by Mimi Loupe
Most of the homes in the Parkside District are built with living room windows in the front of the house above, and overlooking, the street.
In the 1930s and 1940s, we didn't have computers or TV to take up our spare time. Most evenings we sat in the living room and listened to the radio. Now, where did we look when we were listening to the radio? Correct? Out the window!
A visitor to our neighborhood, ignorant of our ways, would never suspect that many eyes were watching his or her every move. Those of us wise in the ways of the Avenues would see that drape move just a tad or those blinds slowly shift, but a stranger would never catch it.
We had a large couch in front of our window and we never missed a thing. "Oh, look, Mary Ellen has a new boyfriend. Wonder where they're going?"
"There's Richie Shreve right in the middle of the street again. One of these days he's going to get run over."
"Who's going in at the Parkers? I've never seen him before?" "Oh, that's Frank's ex-brother-in-law. He's from the Mission."
There was one woman on our street that I swear had breakfast, lunch, and dinner in front of her window. She didn't even close the drapes. Even the dog would jump up on the couch. He too was curious about what was going on outside.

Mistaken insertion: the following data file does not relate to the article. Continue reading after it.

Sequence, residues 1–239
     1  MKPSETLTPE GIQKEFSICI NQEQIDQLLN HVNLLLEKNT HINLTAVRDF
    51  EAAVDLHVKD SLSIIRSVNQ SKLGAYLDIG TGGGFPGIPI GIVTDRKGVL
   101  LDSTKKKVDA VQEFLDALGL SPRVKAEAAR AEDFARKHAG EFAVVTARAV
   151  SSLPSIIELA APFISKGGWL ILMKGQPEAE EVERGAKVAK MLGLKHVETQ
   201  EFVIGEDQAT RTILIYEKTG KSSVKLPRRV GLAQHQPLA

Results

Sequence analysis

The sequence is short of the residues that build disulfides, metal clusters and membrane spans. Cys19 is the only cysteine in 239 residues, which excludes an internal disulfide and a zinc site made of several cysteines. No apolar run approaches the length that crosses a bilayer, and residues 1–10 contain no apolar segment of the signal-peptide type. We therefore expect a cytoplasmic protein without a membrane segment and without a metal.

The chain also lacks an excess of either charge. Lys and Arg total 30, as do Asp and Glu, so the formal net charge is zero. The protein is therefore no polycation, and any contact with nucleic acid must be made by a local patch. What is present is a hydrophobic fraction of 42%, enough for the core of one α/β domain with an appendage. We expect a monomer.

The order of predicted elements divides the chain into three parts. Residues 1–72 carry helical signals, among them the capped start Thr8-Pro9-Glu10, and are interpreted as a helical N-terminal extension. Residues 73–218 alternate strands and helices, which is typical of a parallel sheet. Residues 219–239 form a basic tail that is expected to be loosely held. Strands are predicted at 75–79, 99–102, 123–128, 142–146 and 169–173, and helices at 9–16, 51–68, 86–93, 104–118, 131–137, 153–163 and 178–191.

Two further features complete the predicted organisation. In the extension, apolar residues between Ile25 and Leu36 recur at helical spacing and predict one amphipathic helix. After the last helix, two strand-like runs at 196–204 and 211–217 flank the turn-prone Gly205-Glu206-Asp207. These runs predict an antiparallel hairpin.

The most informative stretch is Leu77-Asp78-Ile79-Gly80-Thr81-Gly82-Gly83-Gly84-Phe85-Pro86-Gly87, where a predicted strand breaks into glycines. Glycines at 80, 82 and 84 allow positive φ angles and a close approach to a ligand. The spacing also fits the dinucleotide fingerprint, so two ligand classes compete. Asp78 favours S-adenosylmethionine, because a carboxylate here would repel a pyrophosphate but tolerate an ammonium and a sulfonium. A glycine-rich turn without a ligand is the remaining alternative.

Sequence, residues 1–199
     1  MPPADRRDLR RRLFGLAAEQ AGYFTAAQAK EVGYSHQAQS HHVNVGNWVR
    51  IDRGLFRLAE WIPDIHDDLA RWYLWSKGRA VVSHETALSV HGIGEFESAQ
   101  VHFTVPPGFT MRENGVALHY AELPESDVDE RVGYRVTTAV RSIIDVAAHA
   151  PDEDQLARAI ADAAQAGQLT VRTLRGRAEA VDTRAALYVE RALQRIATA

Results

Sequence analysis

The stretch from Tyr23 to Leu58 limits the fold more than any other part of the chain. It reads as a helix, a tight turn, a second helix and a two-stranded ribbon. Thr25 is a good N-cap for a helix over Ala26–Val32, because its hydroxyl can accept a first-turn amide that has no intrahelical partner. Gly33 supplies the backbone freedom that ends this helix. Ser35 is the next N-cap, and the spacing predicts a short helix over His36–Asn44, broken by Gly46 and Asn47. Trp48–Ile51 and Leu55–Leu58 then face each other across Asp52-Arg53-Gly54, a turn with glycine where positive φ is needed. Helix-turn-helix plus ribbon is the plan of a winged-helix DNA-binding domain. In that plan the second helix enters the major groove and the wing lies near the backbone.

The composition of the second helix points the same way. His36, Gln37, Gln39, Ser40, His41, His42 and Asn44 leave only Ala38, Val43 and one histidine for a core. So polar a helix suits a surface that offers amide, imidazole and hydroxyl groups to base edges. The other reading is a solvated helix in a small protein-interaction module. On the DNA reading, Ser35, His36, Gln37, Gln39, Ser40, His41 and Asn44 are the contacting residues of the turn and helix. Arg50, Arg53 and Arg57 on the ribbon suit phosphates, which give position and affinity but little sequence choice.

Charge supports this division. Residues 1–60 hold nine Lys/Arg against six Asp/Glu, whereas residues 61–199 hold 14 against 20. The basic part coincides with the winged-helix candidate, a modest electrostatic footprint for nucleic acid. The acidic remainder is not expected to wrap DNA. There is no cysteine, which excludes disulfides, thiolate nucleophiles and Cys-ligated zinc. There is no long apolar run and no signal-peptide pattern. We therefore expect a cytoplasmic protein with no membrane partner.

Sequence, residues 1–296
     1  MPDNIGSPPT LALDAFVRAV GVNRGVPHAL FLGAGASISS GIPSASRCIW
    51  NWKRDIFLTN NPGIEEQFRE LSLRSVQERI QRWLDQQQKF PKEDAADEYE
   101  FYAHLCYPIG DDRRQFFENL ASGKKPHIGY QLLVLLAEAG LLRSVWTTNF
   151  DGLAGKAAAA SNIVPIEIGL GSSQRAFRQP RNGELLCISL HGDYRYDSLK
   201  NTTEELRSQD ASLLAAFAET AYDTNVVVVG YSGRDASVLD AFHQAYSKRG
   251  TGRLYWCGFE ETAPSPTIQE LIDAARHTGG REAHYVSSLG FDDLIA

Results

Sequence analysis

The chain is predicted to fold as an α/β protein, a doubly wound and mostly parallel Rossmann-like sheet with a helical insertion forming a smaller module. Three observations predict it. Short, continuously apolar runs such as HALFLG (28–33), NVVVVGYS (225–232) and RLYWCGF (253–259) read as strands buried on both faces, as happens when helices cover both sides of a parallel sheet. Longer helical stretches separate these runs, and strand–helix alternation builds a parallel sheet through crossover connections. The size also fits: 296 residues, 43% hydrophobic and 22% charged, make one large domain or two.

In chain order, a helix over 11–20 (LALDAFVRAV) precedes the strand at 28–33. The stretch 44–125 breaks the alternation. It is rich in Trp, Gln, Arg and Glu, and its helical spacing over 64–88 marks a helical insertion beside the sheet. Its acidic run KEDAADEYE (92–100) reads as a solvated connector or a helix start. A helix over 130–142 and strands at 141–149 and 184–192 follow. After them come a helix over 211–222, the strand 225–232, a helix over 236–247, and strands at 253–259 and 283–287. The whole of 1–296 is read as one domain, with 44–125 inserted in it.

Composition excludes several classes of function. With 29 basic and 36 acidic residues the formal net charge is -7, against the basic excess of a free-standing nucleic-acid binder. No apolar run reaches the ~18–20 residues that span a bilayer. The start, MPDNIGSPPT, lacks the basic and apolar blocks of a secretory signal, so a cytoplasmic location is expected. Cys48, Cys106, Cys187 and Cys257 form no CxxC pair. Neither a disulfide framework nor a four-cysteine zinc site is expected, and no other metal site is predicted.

Now occasionally having a bird's eye view had its drawbacks, especially in the case of my father. He had the mistaken notion that the street curb directly in front of our home belonged to him. Let him look out the window, see a car parked there, and he did ten minutes of stand-up: "Look, someone's parked their car right in front of our house!" And on and on...
I know that historical scholars interested in this period of time are scratching their heads in wonderment. This little oasis called Parkside, surrounded by a big city, was an island of peace and tranquility free of street crime. Now you know the reason why.
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Page launched 23 March 2013.